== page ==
Prediction of congenital hypothyroidism based on initial screening thyroid-stimulating-hormone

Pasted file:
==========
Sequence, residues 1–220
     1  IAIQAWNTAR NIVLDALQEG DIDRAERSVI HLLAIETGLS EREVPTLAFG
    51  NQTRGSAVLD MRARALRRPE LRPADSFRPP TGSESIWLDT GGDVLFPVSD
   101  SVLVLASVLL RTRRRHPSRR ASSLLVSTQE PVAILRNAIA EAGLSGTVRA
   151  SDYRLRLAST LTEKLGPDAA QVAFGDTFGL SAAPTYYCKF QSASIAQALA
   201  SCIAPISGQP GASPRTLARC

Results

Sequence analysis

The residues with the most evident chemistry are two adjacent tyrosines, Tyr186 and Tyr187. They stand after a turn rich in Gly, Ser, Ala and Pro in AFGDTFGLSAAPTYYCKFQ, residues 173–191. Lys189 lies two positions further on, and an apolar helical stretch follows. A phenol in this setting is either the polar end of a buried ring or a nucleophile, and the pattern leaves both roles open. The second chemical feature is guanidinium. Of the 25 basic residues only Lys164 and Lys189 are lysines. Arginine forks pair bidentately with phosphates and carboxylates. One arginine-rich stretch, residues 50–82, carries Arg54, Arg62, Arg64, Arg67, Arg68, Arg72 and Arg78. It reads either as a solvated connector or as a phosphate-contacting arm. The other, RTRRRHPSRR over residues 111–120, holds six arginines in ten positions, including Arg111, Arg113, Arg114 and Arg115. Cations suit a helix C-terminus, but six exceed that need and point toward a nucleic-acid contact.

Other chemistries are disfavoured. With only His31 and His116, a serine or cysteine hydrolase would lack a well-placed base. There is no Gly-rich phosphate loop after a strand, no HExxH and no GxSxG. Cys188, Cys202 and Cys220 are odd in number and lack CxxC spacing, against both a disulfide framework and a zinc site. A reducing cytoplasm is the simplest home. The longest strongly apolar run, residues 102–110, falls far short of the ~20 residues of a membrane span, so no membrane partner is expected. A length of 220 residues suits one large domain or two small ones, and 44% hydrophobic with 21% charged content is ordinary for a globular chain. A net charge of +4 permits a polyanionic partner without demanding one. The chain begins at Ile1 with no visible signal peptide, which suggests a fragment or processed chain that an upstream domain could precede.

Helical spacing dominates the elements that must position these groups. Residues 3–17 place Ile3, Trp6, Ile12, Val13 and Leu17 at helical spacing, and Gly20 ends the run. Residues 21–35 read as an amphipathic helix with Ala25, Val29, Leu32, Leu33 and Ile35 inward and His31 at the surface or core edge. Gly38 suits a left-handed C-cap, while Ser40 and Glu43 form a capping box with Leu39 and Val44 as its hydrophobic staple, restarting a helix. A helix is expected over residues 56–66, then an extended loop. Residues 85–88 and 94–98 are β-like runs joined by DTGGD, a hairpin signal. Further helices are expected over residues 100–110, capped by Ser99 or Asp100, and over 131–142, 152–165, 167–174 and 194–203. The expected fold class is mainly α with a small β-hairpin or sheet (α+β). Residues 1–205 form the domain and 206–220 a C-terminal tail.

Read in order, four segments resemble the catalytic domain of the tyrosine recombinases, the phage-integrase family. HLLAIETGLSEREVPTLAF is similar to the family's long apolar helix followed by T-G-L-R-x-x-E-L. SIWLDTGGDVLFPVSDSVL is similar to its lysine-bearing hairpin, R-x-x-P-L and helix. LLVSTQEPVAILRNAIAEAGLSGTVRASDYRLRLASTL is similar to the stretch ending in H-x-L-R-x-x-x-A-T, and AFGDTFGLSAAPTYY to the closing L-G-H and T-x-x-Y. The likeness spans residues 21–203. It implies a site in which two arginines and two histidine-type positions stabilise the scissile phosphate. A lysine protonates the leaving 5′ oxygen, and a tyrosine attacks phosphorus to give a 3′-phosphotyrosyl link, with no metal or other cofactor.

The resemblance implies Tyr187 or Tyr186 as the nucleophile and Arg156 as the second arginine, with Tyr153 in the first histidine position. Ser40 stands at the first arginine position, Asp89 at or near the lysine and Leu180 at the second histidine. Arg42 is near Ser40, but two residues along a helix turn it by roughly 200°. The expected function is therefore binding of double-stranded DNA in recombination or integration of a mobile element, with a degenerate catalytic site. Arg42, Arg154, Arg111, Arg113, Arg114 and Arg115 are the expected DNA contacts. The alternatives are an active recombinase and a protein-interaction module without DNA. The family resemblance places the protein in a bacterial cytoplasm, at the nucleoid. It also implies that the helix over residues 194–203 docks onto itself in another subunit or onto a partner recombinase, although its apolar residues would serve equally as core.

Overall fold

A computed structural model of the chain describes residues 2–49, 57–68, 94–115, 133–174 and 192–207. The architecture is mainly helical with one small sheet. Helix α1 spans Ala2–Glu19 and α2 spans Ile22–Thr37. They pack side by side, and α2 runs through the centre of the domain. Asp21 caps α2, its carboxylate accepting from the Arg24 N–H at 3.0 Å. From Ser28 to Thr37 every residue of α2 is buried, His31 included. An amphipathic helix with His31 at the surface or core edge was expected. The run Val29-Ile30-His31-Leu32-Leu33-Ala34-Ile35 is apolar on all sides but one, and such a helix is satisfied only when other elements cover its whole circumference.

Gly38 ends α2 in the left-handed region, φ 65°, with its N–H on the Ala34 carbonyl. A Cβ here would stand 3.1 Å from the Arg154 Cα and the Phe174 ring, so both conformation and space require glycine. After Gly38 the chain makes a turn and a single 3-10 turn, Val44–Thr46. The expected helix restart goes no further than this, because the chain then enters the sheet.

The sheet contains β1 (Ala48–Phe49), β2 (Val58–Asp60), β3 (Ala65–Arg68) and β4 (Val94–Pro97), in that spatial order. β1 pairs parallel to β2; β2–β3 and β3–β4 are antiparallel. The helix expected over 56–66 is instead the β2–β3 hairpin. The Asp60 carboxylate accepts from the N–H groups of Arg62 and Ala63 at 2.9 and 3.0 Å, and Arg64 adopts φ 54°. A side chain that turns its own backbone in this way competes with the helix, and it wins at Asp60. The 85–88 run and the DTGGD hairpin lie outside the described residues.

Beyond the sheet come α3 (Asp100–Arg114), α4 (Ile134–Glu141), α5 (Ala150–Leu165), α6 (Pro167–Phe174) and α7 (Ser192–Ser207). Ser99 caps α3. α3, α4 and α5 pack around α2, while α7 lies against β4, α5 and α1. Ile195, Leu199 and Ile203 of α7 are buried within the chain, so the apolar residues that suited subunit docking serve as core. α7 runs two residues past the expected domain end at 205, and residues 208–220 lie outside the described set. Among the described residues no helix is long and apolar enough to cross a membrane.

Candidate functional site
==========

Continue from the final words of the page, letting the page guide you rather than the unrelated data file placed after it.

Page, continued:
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BACKGROUND: In thyroid-stimulating-hormone (TSH)-based newborn congenital hypothyroidism (CH) screening programs, the optimal screening-TSH cutoff level is critical to ensuring that true cases of CH are not missed. Screening-TSH results can also be used to predict the likelihood of CH and guide appropriate clinical management. The purpose of this study is to evaluate the predictive value of various screening-TSH levels in predicting a diagnosis of CH in the Ontario Newborn Screening Program (ONSP). METHODS: The initial screening and follow-up data of 444,744 full term infants born in Ontario, Canada from April 1, 2006 to March 31, 2010 were analyzed. Confirmed CH cases were based on local endocrinologists' report and initiation of thyroxine treatment. RESULTS: There were a total of 541 positive screening tests (~1/822 live births) of which 296 were true positives (~1:1,500 live births). Subjects were further subdivided based on screening-TSH and positive predictive values (PPV) were calculated. Twenty four percent in the 17-19.9 mIU/L range were true positives. In the 17-30 mIU/L range, 29 % were true positives with a significantly higher PPV for those sampled after (43 %) rather than before (25 %) 28 h of age (p < 0.02). Seventy three percent of neonates with an initial screening-TSH of ≥ 30 mIU/L and 97 % of those with ≥ 40 mIU/L were later confirmed to have CH. CONCLUSIONS: Infants with modestly elevated screening positive TSH levels between 17 and 19.9 mIU/L have a significant risk (24 %) of having CH. The very high frequency of true positives in term newborns with initial TSH values ≥ 30mIU/L suggests that this group should be referred directly to a pediatric endocrinologist in an effort to expedite further assessment and treatment. Screen positives with a modestly elevated TSH values (17-19.9 mIU/L) need to be examined in more detail with extended follow-up data to determine if they have transient or permanent CH.
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